It’s Raining Cats, Dogs, and Troll Women
Jan 29, 2016 08:57PM
● By Julie Ross
Anyone else growing weary of gray skies, drizzle, downpours and wet dogs? (Yes, I know we need the rain. I live here.) However, I am also getting tired of the same old “need the rain” comments. The other day during an impressive downpour, a friend used a phrase I haven’t come across in quite a while: “It’s raining cats and dogs.”
I was wondering how the saying originated and was unable to find a satisfactory answer. Explanations varied. One theory from the 1500s surmised that domesticated animals slipped off and/or fell through thatched roofs during stormy weather. That hardly seems plausible. I’m not sure what dogs, in particular, would be doing up there. Another theory is that violent rainfalls caused olden-day-style storm drains to back up, spilling out the carcasses of various animals. That is horrible and, besides, floodwater washing dogs and cats down the street is hardly the same as dogs and cats falling from the sky. The answer I like best suggests the notion comes from Norse mythology, where cats were believed to bring the rain, and dogs were associated with wind. Much better.
In the course of looking into the etymology of this idiom, I learned that in other parts of the country it is sometimes “raining pitchforks and hoe handles,” or in another variation on the farm implement theme, “raining pitchforks and bullfrogs.” Because pitchforks, hoe handles and bullfrogs are quite different types of precipitation than dogs and cats, I was curious as to what type of precipitation fell from the sky in other countries.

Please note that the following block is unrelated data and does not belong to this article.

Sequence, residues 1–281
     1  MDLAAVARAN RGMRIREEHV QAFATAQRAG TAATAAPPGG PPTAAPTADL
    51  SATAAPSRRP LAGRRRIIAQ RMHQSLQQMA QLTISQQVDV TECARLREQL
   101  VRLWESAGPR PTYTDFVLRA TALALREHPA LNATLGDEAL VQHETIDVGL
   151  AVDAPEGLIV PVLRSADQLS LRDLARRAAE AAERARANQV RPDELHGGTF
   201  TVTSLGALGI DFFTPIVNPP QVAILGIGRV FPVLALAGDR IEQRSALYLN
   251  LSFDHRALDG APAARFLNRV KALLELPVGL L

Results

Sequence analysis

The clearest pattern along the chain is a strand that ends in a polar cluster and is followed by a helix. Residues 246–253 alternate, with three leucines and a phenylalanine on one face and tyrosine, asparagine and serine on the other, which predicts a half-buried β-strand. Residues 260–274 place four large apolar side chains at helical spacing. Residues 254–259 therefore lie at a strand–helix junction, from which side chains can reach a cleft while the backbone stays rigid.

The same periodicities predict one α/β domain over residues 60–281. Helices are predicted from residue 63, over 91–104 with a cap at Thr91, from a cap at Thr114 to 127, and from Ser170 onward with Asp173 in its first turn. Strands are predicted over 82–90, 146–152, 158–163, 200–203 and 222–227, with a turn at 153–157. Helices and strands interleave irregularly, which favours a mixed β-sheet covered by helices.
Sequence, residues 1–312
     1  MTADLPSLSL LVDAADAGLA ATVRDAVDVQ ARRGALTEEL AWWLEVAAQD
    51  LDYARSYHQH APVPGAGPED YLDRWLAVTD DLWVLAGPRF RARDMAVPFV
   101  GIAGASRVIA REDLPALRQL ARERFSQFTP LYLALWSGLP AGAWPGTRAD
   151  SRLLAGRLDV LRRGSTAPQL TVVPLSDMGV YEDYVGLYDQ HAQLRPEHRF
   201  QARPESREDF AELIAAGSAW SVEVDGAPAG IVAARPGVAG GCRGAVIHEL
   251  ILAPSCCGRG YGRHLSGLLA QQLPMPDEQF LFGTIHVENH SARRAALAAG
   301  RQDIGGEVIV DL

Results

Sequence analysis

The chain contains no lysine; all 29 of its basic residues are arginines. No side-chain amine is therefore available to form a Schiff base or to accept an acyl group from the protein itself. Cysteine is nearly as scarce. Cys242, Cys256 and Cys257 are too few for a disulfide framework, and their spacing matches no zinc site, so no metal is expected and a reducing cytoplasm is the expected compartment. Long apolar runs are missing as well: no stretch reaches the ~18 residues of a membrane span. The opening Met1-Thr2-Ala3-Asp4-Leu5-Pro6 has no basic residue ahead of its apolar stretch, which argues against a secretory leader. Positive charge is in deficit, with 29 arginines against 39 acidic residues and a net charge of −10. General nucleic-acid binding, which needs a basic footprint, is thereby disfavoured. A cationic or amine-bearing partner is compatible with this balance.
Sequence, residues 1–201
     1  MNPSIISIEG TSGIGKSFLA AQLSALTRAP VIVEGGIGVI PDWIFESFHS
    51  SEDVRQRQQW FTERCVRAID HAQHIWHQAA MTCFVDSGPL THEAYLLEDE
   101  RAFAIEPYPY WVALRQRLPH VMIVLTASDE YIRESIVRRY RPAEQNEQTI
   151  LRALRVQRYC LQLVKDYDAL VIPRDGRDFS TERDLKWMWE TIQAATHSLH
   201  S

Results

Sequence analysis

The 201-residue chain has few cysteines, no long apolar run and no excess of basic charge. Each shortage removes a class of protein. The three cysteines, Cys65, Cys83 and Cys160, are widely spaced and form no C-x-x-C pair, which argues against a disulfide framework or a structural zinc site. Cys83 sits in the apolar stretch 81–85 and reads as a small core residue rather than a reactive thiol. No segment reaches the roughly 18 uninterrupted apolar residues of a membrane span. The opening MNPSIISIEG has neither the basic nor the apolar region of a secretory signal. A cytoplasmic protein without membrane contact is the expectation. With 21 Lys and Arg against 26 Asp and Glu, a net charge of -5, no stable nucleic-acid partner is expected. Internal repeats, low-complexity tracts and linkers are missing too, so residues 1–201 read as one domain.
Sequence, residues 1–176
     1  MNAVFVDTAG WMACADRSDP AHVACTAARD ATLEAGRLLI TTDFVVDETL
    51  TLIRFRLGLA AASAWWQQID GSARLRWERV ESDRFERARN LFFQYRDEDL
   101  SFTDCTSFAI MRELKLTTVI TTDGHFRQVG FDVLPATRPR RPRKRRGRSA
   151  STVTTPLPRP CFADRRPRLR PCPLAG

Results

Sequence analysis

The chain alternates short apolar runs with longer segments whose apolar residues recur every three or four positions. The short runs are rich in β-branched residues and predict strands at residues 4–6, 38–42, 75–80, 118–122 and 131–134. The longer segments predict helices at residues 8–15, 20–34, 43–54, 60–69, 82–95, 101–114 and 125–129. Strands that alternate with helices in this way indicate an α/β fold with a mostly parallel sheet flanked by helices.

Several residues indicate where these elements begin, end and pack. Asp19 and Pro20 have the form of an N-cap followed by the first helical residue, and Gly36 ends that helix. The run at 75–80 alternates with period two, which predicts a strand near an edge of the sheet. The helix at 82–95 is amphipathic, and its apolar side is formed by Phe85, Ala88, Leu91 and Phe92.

In South Africa and Namibia, it rains “old women with clubs.” Ouch. During heavy rainfall in Ireland, one might remark, “It’s throwing cobbler’s knives.” In Denmark, “Det regner skomagerdenge,” or “It’s raining shoemakers’ apprentices.” (What?)
In the Faroe Islands, they say it’s raining pilot whales. That sounds like some storm! In Greece, there are chair legs falling from the clouds. In Brazil, it’s frogs’ beards. (Frogs have beards?)
My favorite among them all, though, is the Norwegian description of a heavy rainfall: “Det regner trollkjerringer.” It’s raining troll women. How delightfully disturbing.
I will close with a new response for you to use the next time someone in line at the grocery store tells you “we need the rain.” Borrow a saying from Serbia and inform them “The rain falls and kills the mice.” That should make them think twice about talking to you again.
Stay dry. It’s a wet one out there, but hey; I’ve heard we need the rain.
You can reach Julie at email@example.com